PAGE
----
It's about not just nudging them, but also helping them understand why it's important, and even coaching them a little with a bit of the script. With the right tools, you may be able to gauge an individual's feeling, and turn that into an actionable. So for example, a new hire might have done a Pulse survey, and talked about what's working, what's not, where they could do with a bit more help. That goes to the team to then be able to take action. What this then enables is intervention at the right time.

"By ensuring the right conversation at the right time, the right material just when people need it, or intervening at the exact right time, we make these connection points as valuable and as effective as possible"

Making touch points count

The thing here is to not make it too exhaustive. If anything, we're wanting to reduce the time needed to do these things. By ensuring the right conversation at the right time, the right material just when people need it, or intervening at the exact right time, we make these connection points as valuable and as effective as possible.

- [Tegan] Absolutely, and I think real-time feedback is just huge. I seen some stories where new hires were able to provide some feedback, whether it be in person or through a Pulse check-in through Enboarder, and the managers received that response straightaway and in real time, they're able to have that conversation, and be able to turn that conversation around.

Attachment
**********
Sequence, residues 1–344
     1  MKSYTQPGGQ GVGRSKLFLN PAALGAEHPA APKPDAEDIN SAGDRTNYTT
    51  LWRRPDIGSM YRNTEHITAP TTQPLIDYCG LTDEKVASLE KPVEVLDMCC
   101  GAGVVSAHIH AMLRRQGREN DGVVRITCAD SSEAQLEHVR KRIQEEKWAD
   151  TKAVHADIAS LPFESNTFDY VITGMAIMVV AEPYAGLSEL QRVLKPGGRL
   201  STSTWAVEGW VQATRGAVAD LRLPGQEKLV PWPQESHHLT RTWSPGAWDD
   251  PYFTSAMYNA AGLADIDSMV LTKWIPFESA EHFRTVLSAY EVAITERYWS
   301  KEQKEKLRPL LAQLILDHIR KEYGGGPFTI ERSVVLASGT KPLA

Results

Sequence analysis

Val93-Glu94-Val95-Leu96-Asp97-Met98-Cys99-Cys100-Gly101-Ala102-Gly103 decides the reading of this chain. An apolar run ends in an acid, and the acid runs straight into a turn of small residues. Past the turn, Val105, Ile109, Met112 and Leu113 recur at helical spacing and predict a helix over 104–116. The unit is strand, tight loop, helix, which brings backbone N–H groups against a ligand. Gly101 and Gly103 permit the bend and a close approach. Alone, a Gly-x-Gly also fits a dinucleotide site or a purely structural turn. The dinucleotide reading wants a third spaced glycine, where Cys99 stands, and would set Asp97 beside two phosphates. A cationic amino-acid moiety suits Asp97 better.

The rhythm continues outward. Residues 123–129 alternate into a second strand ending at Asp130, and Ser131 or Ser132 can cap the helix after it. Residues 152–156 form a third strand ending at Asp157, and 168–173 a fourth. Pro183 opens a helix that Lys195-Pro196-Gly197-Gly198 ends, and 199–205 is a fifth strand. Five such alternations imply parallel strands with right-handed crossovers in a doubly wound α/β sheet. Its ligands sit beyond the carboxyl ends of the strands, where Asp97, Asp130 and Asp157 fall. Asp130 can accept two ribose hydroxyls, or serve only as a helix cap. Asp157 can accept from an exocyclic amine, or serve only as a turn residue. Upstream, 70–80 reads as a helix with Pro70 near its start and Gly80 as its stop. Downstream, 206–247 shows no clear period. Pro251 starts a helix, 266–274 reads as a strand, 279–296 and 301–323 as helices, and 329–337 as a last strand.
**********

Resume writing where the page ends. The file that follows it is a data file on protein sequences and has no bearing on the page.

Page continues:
To your point, I think it's really important that we're providing the managers with the tools and the resources they need to have an effective conversation. So it's not just about checking a box. It's really about making sure that they're really feeling, and how we can actually make a new path for them.

- [Tim] Yes. If we think about our own experience, joining a company is a pretty emotional experience.

It's pretty full on, there's a huge amount of discovery.  feelings of impostor syndrome, and geez, am I gonna be able to do what I've signed up for and a whole range of things in there, and meeting new individuals. And a lot of it also involves reflecting if they've made a right decision.

Of course, the whole practical side of things matters – the ability for a new hire to leverage their effort and use the competencies that you've hired them for, of course helps them ramp to higher levels of productivity faster, but it's important to recognize that it's an emotional experience as well as a tactical one.